The Tesla big battery at Hornsdale in South Australia is entering the final testing of its expanded capacity, and is achieving some significant new records and milestones that would be expected when the world’s biggest lithium ion battery gets even bigger.
The Hornsdale battery set a world record for a lithium-ion battery installation when it was installed in late 2017 with capacity of 100MW/129MWh. It has played an important control in providing frequency control and emergency back-up – both critical in helping keep the lights on during major network problems – as well as doing the normal storage thing of energy arbitrage, buying at the lows and selling at the peaks.
It is now being expanded to a capacity of 150MW/194MWh, and is adding new services, particularly synthetic inertia, that will allow it to replicate more of the services once exclusive to fossil fuel generators in South Australia, and allow the grid to take another important step towards the shift to the state government target of “net 100 per cent renewables.”
The expanded Hornsdale Power Reserve (its official name) is owned by the French renewable energy developer Neoen and located next to the 315MW Hornsdale wind facilities, and got the OK to connect last month.
It is now going through testing that allows it to progress through various “hold points” that it can straddle once the market operator is satisfied with the outcome.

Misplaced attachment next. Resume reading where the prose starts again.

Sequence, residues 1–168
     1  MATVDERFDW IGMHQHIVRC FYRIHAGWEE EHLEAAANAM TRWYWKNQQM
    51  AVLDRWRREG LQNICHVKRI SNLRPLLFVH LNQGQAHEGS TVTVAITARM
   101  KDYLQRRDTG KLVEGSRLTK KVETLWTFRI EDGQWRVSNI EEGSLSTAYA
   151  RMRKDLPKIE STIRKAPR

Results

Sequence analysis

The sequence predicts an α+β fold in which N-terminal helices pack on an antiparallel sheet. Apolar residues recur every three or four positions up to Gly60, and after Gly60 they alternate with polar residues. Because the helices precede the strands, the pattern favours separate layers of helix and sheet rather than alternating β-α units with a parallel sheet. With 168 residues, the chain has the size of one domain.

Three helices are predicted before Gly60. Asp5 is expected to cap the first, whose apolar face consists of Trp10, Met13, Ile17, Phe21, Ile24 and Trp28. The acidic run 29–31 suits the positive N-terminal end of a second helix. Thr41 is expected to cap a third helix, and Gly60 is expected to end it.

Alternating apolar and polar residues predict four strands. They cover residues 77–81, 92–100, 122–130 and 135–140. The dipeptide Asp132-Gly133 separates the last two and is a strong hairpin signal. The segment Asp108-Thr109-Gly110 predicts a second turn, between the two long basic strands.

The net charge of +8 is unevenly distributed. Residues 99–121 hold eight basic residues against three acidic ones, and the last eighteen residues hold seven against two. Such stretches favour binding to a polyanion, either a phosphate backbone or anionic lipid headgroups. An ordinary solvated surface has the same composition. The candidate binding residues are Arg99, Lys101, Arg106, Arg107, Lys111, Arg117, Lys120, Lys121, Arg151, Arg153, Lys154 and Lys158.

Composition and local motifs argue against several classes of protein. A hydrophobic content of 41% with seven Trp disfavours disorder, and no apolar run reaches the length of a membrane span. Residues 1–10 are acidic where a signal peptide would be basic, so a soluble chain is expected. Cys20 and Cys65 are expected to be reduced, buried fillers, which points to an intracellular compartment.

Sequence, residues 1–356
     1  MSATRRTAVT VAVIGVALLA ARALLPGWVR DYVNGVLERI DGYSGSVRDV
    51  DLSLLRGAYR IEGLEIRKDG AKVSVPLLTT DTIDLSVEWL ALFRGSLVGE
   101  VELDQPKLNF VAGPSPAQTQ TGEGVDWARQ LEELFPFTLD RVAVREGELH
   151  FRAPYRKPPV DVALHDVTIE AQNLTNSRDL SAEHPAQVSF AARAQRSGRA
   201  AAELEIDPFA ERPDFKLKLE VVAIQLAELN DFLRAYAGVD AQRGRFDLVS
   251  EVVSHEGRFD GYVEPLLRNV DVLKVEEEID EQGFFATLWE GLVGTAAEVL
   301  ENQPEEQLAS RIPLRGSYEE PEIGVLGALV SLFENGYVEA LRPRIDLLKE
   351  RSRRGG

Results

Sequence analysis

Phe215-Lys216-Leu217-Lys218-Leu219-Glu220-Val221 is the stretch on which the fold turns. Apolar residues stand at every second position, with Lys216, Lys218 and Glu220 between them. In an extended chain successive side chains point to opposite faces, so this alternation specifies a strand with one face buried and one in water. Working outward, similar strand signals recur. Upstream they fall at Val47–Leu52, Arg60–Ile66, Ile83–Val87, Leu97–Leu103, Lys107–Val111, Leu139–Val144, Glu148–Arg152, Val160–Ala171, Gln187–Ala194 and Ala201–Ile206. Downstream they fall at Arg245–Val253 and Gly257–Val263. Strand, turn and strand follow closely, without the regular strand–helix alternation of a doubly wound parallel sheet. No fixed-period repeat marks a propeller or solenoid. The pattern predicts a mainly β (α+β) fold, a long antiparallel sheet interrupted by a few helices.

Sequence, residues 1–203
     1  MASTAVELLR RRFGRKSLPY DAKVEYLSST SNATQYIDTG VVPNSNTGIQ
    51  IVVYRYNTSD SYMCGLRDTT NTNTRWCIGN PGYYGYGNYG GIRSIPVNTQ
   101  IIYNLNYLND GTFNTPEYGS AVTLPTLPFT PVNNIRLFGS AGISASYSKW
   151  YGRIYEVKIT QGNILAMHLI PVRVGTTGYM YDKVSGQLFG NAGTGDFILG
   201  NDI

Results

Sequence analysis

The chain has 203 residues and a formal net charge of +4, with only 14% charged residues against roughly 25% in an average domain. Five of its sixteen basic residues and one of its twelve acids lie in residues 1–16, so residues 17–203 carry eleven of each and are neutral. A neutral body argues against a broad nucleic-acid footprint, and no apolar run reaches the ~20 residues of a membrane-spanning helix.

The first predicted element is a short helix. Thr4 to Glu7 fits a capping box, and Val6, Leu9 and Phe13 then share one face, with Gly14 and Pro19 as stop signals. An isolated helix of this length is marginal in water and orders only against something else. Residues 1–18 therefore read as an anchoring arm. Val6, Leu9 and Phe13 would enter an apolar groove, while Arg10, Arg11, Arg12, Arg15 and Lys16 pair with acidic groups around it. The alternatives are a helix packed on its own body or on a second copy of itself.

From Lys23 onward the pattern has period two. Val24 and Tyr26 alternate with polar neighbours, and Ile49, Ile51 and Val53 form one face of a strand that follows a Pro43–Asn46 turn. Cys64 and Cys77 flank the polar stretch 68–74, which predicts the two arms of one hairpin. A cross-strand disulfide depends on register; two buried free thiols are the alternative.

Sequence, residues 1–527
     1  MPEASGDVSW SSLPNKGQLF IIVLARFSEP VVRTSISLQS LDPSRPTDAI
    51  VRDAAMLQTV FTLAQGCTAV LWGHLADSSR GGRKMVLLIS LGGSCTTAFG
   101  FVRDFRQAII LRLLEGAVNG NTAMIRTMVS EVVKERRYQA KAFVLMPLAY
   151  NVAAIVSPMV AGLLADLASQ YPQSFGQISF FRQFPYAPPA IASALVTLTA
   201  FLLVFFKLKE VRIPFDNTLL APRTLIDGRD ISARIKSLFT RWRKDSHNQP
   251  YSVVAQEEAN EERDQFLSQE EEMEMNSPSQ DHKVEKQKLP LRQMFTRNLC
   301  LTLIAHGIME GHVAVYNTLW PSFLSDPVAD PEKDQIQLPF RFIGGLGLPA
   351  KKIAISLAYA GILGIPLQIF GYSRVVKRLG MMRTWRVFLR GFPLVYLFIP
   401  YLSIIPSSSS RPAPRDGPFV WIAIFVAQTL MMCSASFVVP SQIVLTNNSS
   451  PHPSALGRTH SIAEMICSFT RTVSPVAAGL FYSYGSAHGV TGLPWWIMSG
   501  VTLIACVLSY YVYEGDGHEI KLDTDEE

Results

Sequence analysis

On Tuesday, in the latest series of tests, the Hornsdale battery did a rapid 270MW flip – from charging at 120MW to discharging at 150MW. It appears to have flipped between the two on several different occasions (see graph above) – at least one of which had an immediate impact on the wholesale price of electricity, pushing it down to the peppercorn price of just above $8/MWh.
Those 270MW flips – from the level of discharge to the level of charge – are likely a world record in both speed and extent of the change. And it’s this flexibility of the big batteries such as Hornsdale, and others at Dalrymple North, Lake Bonney, Gannawarra and Ballarat, that is particularly attractive to project owners and valuable to AEMO, the market operator.
AEMO has on several occasions noted the speed, accuracy and flexibility of the big battery in responding to big frequency changes – often when a major transmission line trips or is felled by a storm. This happened on August 25 when a major transmission line was struck by lightning, taking the Queensland grid and the South Australia grid out of the main market.
The Hornsdale battery initially responded to the Queensland trip by helping arrest the frequency diversion in one direction, before immediately changing direction when the South Australia grid isolated and it had to charge, rather than discharge, to deal with an over-frequency event. It can respond to such events at a far greater speed than fossil fuel generators.
The new testing on synthetic inertia, or virtual inertia as David Leitch explains in this excellent piece on the work being done already by the Dalrymple North battery, will prove yet another critical grid service and function that can be delivered by inverter-based technologies, and remove another important brick in the wall of the incumbent synchronous generators. The industry, in Australia and overseas, is watching with keen interest.